Compounding:

The Triad Relationship

Compounding is achieved through an essential triad relationship — patient, physician and pharmacist. The physician first prescribes the medication, then the pharmacist takes the necessary ingredients, compounds them, and dispenses the medicine to the patient after a thorough consultation. This enables patients to receive the type of personalized care they deserve and allows independent community pharmacists the opportunity to provide superior, patient-oriented services.

Reasons for Compounding

There are several reasons why pharmacists compound prescription medications; yet, the most important one is patient noncompliance. Many patients are allergic to preservatives or dyes, or are sensitive to standard drug strengths. With a physician’s prescription, a compounding pharmacist can change the strength of a medication, alter its form to make it easier for the patient to ingest, and add flavor to it to make it more palatable. The pharmacist also can prepare the medication using several unique delivery systems, such as a sublingual troche or lozenge, a lollipop, or a transdermal gel. Or, for those patients who are having a difficult time swallowing a capsule, a compounding pharmacist can make a suspension instead.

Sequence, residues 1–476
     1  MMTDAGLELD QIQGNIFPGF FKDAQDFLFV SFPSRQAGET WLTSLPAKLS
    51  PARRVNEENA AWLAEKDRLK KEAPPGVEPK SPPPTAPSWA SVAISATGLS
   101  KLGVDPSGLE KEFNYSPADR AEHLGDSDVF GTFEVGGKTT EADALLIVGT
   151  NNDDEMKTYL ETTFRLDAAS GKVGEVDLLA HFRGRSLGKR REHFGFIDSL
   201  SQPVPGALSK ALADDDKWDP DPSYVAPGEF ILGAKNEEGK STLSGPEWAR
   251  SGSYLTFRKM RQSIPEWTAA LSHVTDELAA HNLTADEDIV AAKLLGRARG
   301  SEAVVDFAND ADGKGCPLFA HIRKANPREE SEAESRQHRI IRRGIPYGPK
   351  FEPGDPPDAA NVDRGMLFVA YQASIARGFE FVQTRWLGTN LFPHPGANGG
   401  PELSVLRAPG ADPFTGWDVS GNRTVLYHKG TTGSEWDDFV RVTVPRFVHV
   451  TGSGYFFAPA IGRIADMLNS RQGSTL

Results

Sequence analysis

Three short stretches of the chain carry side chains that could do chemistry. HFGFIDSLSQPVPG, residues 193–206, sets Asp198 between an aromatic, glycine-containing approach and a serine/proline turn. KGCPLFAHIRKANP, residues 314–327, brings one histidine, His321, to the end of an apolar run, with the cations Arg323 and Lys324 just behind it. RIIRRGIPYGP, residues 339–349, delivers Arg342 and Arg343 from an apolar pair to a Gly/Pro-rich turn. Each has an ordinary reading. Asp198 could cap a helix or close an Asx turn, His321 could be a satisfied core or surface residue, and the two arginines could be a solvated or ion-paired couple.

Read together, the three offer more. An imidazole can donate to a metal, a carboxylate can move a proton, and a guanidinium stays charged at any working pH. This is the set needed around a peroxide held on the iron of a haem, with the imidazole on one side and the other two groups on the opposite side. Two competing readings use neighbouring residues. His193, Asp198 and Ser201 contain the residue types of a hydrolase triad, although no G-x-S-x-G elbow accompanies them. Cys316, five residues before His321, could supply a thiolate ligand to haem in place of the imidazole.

Often parents have a tough time getting their children to take their medicine because of the taste. A compounding pharmacist can work directly with the physician and the patient to select a flavoring agent, such as vanilla butternut or tutti frutti, that provides both an appropriate match for the medication’s properties and the patient’s taste preferences. Compounding pharmacists also have helped patients who are experiencing chronic pain. For example, arthritic patients who cannot take certain medications due to gastrointestinal side effects. Working with their physician, a compounding pharmacist can provide them with a topical preparation with the anti-inflammatory or analgesic their doctor prescribed for them.